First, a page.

Lactation changes how mom’s neurons communicate, but it’s reversible

Summary: During lactation, the cell voltage of TIDA neurons in the hypothalamus oscillates more frequently, increasing firing. The change is reversible and returns to normal once the mother stops lactating.

Source: SfN

Lactation temporarily changes how a mother’s neurons behave, according to new research in mice published in Journal of Neuroscience.

Mothers experience profound changes in their body after giving birth, many of which are controlled by the hormone prolactin. Neurons in the hypothalamus called TIDA neurons regulate prolactin secretion as it fluctuates during the estrous cycle. However, during lactation, the TIDA neurons stop keeping prolactin levels in check, teasing the possibility that they may be altering their properties in response to motherhood.

Thörn Pérez et al. examined the electrical behavior of TIDA neurons in mice both during lactation and throughout the estrous cycle. In order to regulate prolactin, the voltage of TIDA neurons oscillates up and down: when the cell voltage is less negative, it fires more often, while a more negative cell fires less often. The scientists observed that the cell voltage oscillates more frequently during lactation, meaning it fires more often overall. They also fire out of rhythm with each other. These changes are fully reversible — the cells return to normal when the moms start weaning.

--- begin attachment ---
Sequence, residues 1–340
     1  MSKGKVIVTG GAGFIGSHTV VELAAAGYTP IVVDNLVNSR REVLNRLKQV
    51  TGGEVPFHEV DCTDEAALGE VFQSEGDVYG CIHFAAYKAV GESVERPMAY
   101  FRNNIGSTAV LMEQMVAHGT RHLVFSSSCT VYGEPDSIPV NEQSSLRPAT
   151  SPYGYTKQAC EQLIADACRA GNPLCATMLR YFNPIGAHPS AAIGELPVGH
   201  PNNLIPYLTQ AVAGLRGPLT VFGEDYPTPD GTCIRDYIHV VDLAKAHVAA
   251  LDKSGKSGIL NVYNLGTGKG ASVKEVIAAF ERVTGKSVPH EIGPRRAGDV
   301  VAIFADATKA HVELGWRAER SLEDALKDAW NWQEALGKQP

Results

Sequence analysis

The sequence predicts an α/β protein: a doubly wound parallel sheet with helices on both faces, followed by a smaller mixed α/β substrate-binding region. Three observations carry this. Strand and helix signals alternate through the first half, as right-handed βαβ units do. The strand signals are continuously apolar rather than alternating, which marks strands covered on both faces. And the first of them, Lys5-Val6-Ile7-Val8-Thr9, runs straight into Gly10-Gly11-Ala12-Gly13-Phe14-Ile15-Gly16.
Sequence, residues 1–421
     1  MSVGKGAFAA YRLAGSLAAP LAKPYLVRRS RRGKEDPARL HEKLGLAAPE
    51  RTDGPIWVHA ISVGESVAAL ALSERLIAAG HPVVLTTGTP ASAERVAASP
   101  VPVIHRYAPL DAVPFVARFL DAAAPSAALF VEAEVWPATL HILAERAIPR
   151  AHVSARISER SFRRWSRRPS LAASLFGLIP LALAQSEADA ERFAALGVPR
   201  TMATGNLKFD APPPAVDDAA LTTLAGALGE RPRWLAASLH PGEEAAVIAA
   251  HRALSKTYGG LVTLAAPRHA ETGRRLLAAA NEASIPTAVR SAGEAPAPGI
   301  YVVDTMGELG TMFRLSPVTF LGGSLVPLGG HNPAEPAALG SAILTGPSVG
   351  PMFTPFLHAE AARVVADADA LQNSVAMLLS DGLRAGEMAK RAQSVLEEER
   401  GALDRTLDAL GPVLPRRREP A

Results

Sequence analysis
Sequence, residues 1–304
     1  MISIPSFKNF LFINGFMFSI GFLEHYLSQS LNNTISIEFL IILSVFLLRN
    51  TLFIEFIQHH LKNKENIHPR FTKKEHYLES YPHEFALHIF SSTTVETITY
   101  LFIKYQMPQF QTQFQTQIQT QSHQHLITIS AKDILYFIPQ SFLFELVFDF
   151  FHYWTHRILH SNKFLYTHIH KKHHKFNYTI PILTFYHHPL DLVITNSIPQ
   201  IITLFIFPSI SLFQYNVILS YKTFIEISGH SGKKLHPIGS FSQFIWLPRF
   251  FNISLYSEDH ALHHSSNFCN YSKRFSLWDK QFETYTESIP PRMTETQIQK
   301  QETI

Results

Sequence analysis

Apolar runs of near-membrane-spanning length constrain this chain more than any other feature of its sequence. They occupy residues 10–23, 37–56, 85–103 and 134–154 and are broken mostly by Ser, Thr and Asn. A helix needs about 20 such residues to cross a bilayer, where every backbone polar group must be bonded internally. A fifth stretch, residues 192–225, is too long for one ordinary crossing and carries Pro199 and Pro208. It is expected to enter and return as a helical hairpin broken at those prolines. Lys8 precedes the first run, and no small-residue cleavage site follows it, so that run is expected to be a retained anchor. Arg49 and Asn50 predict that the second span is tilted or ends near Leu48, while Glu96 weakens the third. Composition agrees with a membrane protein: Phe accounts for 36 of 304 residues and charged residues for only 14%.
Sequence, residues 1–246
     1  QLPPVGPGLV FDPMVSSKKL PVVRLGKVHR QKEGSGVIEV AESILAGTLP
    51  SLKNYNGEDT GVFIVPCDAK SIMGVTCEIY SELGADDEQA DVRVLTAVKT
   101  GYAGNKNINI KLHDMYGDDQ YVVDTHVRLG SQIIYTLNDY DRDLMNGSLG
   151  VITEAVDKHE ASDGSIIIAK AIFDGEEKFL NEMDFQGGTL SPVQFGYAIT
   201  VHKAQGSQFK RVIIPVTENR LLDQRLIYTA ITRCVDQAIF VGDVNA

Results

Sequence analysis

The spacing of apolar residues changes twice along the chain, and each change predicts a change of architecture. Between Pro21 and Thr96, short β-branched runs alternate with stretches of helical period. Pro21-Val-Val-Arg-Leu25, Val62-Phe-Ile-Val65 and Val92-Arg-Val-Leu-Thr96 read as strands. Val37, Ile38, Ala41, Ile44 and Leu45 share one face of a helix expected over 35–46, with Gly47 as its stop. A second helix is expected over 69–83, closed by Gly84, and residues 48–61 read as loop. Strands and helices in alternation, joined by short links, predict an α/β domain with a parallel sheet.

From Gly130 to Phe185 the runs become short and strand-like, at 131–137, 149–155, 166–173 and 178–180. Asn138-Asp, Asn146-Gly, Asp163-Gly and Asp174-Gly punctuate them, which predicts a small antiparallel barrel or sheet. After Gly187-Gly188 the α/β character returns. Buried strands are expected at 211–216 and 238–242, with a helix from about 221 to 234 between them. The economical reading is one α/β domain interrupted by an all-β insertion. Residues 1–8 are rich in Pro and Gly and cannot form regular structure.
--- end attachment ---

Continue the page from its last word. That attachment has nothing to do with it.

This is a drawing of a mouse breastfeeding

The membrane voltage of TIDA neurons oscillates more during lactation (right). The image is credited to Thörn Pérez et al., JNeurosci 2020.

During all stages of the estrous cycle, the neurons behaved normally, meaning the neurons change because of motherhood, rather than prolactin levels.

About this neuroscience research article

Source:
SfN
Media Contacts:
Calli McMurray – SfN
Image Source:
The image is credited to Thörn Pérez et al., JNeurosci 2020.

Original Research: The study will appear in Journal of Neuroscience.

Feel Free To Share This Neuroscience News.
Join our Newsletter
I agree to have my personal information transferred to AWeber for Neuroscience Newsletter ( more information )
Sign up to receive the latest neuroscience headlines and summaries sent to your email daily from NeuroscienceNews.com
We hate spam and only use your email to contact you about newsletters. We do not sell email addresses. You can cancel your subscription any time.